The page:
Rare Disease Report

KH176 Shows Potential in Phase 2 KHENERGY Study

NOVEMBER 22, 2017
Mathew Shanley
New results from Khondrion’s Phase 2 KHENERGY study were presented at the Dutch Life Sciences Conference in the Netherlands today.

While the final reporting of the study isn’t scheduled to be released until the first quarter of 2018, the results were so encouraging that Khondrion decided to share the preliminary data regarding efficacy and safety in front of an interested group.

Data from the exploratory trial of KH176 in the m.3243A>G multisystem mitochondrial encephalopathy lactic acidosis (MELAS) and maternally inherited diabetes-deafness (MIDD) syndromes, and mixed phenotypes were presented by Professor Jan Smeitink, the company’s CEO.

Both conditions are caused by genetic mutations in the mitochondria. MELAS affects several of the body’s systems, particularly the brain and nervous systems, as well as the muscles. It can result in a buildup of lactic acid, called lactic acidosis, and the increased acidity in the blood can cause symptoms like vomiting, abdominal pain, fatigue, muscle weakness, and difficulty breathing. MIDD is a form of diabetes caused by a shortage of insulin and characterized by hyperglycemia, or high blood sugar levels.

KH176 is essential for the control of oxidative and redox alterations.

The study is a single-center, double-blind, randomized, placebo-controlled 2-way crossover trial that enrolled 20 patients, each of whom receive KH176 in a 100 mg twice-daily oral dosing schedule for one month. The study had efficacy endpoints including objective, quantitative assessments and questionnaires evaluating the mood and patients’ quality of life (QOL).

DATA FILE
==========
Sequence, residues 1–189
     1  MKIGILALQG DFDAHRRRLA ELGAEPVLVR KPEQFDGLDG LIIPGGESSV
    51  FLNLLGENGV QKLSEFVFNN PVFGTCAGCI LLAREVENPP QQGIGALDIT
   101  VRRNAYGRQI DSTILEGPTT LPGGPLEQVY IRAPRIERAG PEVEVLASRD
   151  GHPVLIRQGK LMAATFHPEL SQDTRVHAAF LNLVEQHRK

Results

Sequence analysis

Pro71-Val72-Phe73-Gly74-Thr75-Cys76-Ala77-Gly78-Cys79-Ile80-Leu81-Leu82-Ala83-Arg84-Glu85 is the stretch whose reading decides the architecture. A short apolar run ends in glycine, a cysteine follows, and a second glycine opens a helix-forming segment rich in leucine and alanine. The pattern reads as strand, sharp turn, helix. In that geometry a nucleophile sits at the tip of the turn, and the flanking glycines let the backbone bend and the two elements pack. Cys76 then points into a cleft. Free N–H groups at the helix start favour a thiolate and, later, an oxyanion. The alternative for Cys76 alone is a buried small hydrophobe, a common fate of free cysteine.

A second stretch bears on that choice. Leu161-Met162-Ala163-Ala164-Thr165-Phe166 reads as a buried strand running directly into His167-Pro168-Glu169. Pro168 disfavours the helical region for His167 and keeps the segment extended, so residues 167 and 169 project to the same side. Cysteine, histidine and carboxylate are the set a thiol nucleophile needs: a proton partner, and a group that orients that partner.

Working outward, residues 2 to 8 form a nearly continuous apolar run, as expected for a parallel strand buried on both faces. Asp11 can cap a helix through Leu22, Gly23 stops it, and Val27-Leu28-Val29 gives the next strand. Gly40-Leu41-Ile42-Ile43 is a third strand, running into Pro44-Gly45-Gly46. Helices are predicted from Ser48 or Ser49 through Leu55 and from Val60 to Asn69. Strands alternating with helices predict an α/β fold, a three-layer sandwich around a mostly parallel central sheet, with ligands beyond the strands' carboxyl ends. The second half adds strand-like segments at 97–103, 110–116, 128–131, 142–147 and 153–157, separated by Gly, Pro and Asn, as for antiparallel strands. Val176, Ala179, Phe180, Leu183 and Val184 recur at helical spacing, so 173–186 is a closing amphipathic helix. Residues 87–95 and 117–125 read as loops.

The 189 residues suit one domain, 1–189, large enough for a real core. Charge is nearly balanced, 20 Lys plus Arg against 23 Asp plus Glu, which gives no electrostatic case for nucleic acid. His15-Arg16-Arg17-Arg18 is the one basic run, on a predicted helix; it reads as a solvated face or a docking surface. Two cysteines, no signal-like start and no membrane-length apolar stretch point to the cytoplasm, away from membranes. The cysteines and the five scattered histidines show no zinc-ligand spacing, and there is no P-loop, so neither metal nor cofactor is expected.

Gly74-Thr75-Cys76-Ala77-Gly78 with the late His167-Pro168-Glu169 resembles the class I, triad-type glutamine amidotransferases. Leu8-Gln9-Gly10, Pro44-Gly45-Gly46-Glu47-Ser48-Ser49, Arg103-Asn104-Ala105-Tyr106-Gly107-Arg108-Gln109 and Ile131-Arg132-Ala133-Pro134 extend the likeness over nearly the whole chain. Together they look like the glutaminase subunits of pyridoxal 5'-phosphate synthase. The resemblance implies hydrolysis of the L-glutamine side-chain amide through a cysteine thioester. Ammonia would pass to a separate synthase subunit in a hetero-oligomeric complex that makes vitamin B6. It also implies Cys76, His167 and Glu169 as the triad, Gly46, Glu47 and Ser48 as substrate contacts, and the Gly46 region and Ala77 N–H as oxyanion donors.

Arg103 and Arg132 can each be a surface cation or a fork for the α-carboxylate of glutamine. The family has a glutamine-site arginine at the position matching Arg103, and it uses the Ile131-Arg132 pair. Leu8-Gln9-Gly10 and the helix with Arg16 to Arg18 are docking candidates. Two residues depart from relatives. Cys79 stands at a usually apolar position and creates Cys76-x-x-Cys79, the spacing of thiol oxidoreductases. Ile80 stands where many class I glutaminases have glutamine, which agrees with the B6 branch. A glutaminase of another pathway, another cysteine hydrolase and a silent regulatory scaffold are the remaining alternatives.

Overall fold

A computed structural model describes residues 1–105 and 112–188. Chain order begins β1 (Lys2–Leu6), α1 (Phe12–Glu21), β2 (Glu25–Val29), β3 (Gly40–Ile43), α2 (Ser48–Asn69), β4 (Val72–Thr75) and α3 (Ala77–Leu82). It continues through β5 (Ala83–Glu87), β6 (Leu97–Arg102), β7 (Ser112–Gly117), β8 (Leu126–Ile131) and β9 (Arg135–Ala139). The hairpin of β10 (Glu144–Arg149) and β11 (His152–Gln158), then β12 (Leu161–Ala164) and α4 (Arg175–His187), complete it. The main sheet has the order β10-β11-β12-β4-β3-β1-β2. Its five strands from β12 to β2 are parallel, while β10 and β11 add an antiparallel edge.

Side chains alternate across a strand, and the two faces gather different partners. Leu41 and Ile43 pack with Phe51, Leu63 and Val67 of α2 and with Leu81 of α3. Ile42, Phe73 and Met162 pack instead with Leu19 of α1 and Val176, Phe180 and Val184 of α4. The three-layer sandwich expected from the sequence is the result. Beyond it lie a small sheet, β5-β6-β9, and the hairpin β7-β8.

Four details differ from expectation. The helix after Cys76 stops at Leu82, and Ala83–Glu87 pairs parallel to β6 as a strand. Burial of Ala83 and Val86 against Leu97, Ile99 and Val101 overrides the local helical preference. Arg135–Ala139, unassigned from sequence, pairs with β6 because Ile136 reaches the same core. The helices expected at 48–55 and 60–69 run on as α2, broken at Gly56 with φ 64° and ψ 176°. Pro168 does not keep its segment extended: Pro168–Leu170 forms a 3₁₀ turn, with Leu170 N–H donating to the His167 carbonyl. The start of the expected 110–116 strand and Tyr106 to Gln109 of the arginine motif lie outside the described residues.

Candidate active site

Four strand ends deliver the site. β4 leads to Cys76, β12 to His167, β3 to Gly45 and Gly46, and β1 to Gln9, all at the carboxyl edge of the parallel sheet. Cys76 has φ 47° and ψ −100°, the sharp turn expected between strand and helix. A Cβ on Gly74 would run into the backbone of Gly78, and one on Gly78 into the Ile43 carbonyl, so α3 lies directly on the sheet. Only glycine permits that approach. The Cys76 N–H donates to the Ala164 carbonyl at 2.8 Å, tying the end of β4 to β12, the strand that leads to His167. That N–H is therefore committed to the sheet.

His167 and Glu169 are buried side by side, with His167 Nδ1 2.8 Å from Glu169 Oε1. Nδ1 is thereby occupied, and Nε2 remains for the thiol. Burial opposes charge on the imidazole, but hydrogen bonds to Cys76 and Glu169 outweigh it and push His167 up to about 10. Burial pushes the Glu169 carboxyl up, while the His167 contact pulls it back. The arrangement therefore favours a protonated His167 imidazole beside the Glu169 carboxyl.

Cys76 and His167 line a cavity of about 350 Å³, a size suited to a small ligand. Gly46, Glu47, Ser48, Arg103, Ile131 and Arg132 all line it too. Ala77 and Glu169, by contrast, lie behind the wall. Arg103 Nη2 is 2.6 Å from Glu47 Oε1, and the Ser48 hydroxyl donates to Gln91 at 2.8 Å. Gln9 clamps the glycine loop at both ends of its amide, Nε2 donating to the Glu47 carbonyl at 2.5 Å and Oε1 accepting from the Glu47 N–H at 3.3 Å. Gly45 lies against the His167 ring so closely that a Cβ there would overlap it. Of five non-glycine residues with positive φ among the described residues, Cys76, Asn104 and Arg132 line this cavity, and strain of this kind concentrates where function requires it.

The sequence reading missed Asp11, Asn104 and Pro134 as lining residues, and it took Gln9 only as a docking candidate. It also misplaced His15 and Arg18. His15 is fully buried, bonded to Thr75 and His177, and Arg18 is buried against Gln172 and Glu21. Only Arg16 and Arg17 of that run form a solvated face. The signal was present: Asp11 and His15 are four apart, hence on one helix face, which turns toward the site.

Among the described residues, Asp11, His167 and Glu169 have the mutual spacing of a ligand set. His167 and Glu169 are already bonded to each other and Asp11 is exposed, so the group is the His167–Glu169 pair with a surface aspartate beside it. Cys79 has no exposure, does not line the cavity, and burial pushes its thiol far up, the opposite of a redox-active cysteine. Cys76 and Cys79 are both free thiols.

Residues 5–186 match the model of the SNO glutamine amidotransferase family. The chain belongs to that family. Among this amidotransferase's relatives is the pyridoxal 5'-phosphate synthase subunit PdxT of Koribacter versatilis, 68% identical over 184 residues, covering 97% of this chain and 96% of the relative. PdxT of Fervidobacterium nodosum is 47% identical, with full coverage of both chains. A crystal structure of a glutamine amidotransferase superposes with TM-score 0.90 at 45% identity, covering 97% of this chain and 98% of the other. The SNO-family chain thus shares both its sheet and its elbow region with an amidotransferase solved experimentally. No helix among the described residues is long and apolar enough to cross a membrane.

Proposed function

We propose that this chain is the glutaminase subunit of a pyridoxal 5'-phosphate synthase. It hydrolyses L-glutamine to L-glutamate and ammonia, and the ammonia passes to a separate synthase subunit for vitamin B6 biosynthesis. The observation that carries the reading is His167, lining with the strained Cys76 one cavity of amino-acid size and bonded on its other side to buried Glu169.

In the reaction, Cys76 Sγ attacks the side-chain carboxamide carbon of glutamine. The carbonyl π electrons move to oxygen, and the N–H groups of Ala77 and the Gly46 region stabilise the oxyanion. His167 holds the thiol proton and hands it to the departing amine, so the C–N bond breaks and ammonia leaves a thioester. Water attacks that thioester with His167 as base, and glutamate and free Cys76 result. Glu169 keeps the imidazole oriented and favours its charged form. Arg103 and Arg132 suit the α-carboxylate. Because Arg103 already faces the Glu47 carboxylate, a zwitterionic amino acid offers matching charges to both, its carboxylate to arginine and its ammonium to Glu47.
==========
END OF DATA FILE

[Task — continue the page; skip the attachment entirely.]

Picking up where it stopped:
Additionally, the study investigated biomarkers connected to mitochondrial functioning.

"The preliminary findings of this study related to adverse events showed a promising safety profile. Also, the pharmacokinetic analysis of KH176 showed that the candidate drug's maximum blood concentrations remained below the pre-defined safety threshold obtained in Phase I evaluations," said Dr. Edwin Spaans, Khondrion's Chief Medical Officer in a press release.

While the duration of the study was short, the findings show potential. Two aspects in the 4-weeks treatment arm exhibited positive trends and statistically significant improvements were observed in the total Beck Depression Inventory score and its affective sub-domain. Positive trends were also seen in the HADS depression subsection and the RAND-36 SF affective symptoms.

Results of the Phase 1 trial of this study were recently published in the Orphanet Journal of Rare Diseases, and based on the new data, Khondrion intends to continue with the KH176 development program, including the steps necessary to prepare for a Phase 3.

For more information on potential breakthrough therapies in the rare disease community, follow Rare Disease Report on Facebook and Twitter.

Stay informed on the latest rare disease news and developments by signing up for our newsletter.
Copyright © RareDR 2013-2018 Rare Disease Communications. All Rights Reserved.